Monitoring & Testing

page currently under construction/updating

Manchaug Pond Foundation takes a multi-level approach to preserving water quality of Manchaug Pond.  The focus of our water quality monitoring teams include:

  • ON-LAKE sampling by a team of 3 monitor at the deepest point in the lake for clarity/turbidity, water temperature at every meter, and total phosphorous at the surface, middle and bottom levels. Testing takes place once a month, April through October.
  • WATERSHED: at the inlet, outlet, and upstream locations are monitored by 3 volunteers assessing, sampling and testing water as part of the water quality monitoring/testing program of the Blackstone River Coalition.

Clarity, Total Phosphorus, Temperature ~ On-Lake


Manchaug Pond Foundation Water QualityIn July 2015, a team of Manchaug Pond Foundation volunteers began a new effort to monitor the quality of our pond's water. For years, volunteers continue to work with the Blackstone River Coalition to monitor water quality at the pond's inlet, at the northwest cove, and outlet at the dam. And year's before that, the Manchaug Pond Association tested on-lake for clarity and bacteria.

The team's focus in on-lake at the deepest location of Manchaug Pond.  The team records the data collected available for analyze over time.

To begin the effort, the water-quality team takes water samples at three different depths:

  1. to analyze total phosphorus
  2. to record water temperatures at 1-meter depth intervals
  3. and to measure water clarity using a Secchi disk.

In the future, the water sampling and analysis may extend to include chlorophyll, dissolved oxygen, and other measures of water quality.

Coliform & Ecoli Bacteria ~ In the Watershed


Nutrients, Oxygen & More ~ Upstream, Inlet & Outlet

As part of the BLACKSTONE RIVER COALITIONManchaug Pond Foundation Affiliations

The Blackstone River Coalition watershed-wide monitoring program tests monthly in three locations in the Manchaug Pond watershed from April through November as part of a watershed-wide Water Quality Monitoring Program for the Blackstone River system.

water quality

BRC's Interactive Map ~ Find Manchaug Pond on the Mumford River Tributary!

Manchaug Pond is part of the headwaters of the Mumford River which is a tributary of the Blackstone River watershed. The 75+ sampling sites are assessed for the following:

  • aesthetics:
    • water appearance
    • presence/non-presence of odor, trash, and nuisance aquatic vegetation
    • turbidity
  • water temperature
  • air temperature
  • dissolved oxygen saturation
  • dissolved oxygen
  • nutrients
    • orthophosphate
    • nitrate
  • conductivity

Go to Blackstone River Coalition's website for sampling results on their new interactive map of sites up and down the river, and other initiatives as part of the campaign to make the Blackstone River Fishable/Swimmable.  The years of data allows for long-term trends for the river system as well as analysis of sites and hotspots noting weather and stormwater events.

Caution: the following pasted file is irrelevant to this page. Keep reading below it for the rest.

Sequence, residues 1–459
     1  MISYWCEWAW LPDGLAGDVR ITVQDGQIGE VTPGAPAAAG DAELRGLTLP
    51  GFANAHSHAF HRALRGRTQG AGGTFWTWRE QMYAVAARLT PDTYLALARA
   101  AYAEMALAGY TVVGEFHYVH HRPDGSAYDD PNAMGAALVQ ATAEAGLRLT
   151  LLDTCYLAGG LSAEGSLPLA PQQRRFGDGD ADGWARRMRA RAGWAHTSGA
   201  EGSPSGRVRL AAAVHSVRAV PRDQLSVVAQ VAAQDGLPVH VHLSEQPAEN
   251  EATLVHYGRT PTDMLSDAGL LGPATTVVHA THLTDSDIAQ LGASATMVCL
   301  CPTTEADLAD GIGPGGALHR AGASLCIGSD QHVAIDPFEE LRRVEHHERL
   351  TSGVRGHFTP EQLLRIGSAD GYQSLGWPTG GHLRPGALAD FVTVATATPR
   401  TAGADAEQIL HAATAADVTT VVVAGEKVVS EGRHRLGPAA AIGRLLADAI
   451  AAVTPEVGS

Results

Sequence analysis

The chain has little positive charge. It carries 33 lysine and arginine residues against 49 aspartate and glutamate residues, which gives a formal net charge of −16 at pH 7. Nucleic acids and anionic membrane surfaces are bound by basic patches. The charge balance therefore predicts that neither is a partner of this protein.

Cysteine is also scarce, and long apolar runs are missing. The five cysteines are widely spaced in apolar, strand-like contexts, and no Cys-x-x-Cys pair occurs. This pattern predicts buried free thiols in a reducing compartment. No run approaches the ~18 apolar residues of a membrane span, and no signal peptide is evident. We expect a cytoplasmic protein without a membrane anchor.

Cyanobacteria, Phycoyanin & More ~ On-Lake

Absent or present? Non-detectable or is a bloom imminent? Latest results? -- click here.


The Worcester Cyanobacteria Monitoring Collaborative (WCMC) is a group of volunteer community scientists that tracks cyanobacteria activity at our local lakes and ponds. Between May and October, volunteers from Manchaug Pond Foundation and Stevens Pond collect samples 1-2 times a month and examine them under the microscope for cyanobacteria. In addition, the samples are analyzed using several other indicators of bloom risk. The WCMC is developing ways to assess risk to cyanotoxin
exposure using fast and low cost methods. These results are based on methods that are not certified by the Commonwealth of MA but are presented as recommendations so we can use to make informed choices about their contact.

The WCMC does not measure cyanotoxins, instead the group uses four parameters to determine the risk of cyanotoxin exposure. These include phycocyanin concentration, particle concentration, cyanobacteria density, and the cyanobacteria observed. Each of the results are ranked and given a color to identify severity. The overall risk of exposure at each lake is determined by reviewing all four parameters together.


  • Risk of Exposure: Overall risk of exposure to cyanotoxins in the waterbody based on a holistic interpretation of the data collected.
  • Phycocyanin: Cyanobacteria-specific pigment concentration in the water. The more phycocyanin there is in the water, the more cyanobacteria are present. However, because different kinds of cyanobacteria produce different quantities of phycocyanin, the risk of toxin production is different for the same concentration of
    phycocyanin when there are different cyanobacteria present.
  • Particle Concentration: Particles include living and non-living materials and can be a proxy for overall turbidity of the water. High concentrations of particles in the water can be indicative of cyanobacteria blooms, but can also be the result of other factors such as non-living debris and sediment. The phycocyanin concentrations and cyanobacteria density help to interpret if particles are due to cyanobacteria or other sources.
  • Cyanobacteria Density: The ratio of cyanobacteria to other organisms in the sample. Higher densities can indicate elevated risk of exposure to cyanotoxins. Density results do not consider concentration, but in general, systems dominated by cyanobacteria are at higher risk for producing toxins.
  • Cyanobacteria Observed: Genera of cyanobacteria identified in the sample. Because different cyanobacteria have different levels of phycocyanin, observed cyanobacteria help determine the threshold of phycocyanin that is considered risky.